As with any application that doesn’t fulfill its intended use, there are lessons to be learned, but the focus shifted to how the problems could be addressed. In this case, after reviewing the information Lang provided, Woodruff determined that the best way forward was to effectively replace all the tilework in the bathroom. He made arrangements to supply the appropriate Schluter Systems products and found ready-and-willing partners in both Jay Samber and Scott Robine of Daltile to donate the new tile. With that settled, eager volunteers like EJ White from Schluter Systems came forth to lend an expert hand, and all focus turned to the reinstallation method.
Bonded waterproofing membranes and integrated bonding flange drains greatly simplify curbless shower applications, compared to traditional waterproofing methods like pan liners and clamping ring drains. Once the slope to the drain is established, the membrane and tile are installed over the entire surface, minimizing the thickness of the assembly. Ideally, the floor will be recessed before installing a sloped mortar bed or prefabricated shower tray to allow an even transition at the door threshold. This seamless entry point would be critical to Lang’s independence and ease of accessibility. Various building codes and other sources, such as the Americans with Disabilities Act, include specific requirements for disabled access in public buildings and must be consulted when applicable. Areas of interest may include degree of slope, clearance, and supporting structures such as grab bars.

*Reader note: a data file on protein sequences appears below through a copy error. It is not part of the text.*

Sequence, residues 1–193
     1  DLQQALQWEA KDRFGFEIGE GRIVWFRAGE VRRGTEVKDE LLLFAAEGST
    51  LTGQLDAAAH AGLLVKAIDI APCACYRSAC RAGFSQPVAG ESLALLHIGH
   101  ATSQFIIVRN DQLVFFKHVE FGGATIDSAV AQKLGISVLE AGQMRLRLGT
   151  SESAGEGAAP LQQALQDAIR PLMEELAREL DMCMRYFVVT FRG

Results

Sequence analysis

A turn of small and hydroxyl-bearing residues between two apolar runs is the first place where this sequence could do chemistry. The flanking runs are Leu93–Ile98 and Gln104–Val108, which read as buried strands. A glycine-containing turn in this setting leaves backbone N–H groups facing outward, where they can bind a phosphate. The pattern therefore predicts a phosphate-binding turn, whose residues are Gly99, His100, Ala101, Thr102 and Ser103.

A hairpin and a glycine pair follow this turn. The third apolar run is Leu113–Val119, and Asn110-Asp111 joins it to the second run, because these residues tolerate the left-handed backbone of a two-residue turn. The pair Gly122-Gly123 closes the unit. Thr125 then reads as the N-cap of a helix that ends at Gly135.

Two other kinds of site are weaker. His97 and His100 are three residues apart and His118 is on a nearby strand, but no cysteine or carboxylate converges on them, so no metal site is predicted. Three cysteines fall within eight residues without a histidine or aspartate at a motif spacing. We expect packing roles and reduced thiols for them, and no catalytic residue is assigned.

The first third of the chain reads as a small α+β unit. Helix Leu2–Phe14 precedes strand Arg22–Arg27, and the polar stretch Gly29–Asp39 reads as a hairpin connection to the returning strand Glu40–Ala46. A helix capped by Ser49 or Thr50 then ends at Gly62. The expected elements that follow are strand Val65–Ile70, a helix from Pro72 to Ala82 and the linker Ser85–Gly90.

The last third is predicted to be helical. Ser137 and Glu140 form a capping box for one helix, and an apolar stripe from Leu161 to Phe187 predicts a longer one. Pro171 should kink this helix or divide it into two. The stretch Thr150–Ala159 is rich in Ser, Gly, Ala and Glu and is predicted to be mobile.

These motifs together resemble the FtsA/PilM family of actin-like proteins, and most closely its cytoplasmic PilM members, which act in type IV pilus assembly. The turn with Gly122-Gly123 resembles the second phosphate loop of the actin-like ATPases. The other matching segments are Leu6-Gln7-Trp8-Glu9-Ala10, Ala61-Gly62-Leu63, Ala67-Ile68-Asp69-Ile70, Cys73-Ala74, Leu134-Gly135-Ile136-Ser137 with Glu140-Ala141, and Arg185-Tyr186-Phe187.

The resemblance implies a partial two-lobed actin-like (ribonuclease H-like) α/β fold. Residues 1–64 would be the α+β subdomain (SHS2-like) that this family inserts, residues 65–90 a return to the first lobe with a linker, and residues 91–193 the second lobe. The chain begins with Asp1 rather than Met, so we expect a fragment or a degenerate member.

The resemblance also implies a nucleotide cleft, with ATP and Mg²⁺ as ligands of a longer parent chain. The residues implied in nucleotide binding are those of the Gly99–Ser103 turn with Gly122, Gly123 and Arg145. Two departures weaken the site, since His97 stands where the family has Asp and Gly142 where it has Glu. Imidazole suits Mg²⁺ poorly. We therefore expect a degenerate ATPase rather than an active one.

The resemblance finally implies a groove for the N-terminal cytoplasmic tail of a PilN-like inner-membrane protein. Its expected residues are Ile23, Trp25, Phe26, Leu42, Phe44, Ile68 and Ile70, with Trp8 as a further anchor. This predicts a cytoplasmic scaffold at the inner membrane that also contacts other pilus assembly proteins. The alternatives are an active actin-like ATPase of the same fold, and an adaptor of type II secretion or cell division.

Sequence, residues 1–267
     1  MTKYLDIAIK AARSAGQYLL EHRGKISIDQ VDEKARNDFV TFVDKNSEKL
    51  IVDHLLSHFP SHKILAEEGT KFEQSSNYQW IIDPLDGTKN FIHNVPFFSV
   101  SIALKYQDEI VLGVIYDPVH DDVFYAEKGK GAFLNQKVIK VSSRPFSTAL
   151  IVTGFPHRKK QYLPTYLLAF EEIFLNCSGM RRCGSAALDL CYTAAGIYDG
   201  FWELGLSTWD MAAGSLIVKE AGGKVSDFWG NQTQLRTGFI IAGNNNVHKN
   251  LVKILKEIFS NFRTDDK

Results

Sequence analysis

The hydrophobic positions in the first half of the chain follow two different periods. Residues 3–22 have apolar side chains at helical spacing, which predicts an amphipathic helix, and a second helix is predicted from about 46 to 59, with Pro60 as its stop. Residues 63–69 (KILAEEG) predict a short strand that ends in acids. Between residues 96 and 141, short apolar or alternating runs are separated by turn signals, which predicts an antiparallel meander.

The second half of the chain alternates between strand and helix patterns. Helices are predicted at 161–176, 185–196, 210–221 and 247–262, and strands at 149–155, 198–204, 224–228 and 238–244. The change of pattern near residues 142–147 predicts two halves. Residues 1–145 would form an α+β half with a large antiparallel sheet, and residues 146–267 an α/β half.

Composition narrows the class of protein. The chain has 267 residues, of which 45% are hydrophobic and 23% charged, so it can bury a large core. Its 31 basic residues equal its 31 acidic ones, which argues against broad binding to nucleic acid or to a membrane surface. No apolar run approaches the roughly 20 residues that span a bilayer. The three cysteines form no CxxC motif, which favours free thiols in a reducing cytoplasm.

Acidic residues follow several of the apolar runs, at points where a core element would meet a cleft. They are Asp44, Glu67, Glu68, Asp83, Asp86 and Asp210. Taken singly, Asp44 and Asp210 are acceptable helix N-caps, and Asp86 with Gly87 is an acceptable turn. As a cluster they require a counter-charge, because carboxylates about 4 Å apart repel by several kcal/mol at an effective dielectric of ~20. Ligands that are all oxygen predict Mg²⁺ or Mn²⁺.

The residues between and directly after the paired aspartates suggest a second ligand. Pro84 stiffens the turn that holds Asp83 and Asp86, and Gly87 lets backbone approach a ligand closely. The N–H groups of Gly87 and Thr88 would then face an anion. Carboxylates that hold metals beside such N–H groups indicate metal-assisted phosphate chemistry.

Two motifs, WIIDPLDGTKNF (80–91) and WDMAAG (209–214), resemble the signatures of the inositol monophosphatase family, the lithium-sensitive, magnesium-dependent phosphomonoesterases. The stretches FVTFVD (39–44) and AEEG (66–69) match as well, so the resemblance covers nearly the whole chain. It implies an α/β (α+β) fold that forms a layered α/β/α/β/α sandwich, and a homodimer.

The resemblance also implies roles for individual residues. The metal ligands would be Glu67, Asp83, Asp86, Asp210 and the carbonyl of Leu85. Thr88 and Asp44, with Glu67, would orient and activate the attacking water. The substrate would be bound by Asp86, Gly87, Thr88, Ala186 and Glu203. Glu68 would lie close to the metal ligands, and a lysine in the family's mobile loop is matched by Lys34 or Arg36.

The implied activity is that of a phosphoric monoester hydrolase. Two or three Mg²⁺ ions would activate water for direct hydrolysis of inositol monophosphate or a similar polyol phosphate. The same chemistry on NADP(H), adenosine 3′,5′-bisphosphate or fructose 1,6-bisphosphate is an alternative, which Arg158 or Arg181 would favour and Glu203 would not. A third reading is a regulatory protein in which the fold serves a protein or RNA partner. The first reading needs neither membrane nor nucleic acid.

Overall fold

Woodruff and Lang decided to apply the Schluter Shower System drain and membrane in the shower area and the Schluter®-DITRA-HEAT uncoupling, waterproofing, and floor-warming membrane in the remainder of the bathroom. This approach ensured the substrate would be completely protected from moisture penetration and offered the creature comfort of a floor-warming system.
To prepare for the shower membrane installation, the original mortar bed was allowed to dry out and the clamping ring drain was converted to an integrated bonding flange drain using the Schluter®-KERDI-DRAIN adaptor kit. The Schluter®-KERDI-BOARD waterproof building panel was used to construct the L-shaped bench exactly as Lang envisioned and sealed to the shower system using waterproof banding. After the electric floor-warming cable was placed, all seams in the DITRA-HEAT membrane and the connection to the shower were sealed with the same banding. Once the waterproofing system was complete, the tile could be installed, and confidence was regained that the application would perform as required.
A lot of people came together to make this project possible, and there was a great commonality in why each person got involved. A recurring feeling was that it was an honor to help Lang and his family. In some small way it parallels the first USMC Value. Part of honor to the Marines is to “…fulfill their obligations…”. This group felt an obligation to support a man that made great sacrifice serving his country and the citizens of that country. Brad, it was a true honor. We thank you.
Photos courtesy of Patrick Savage/NKP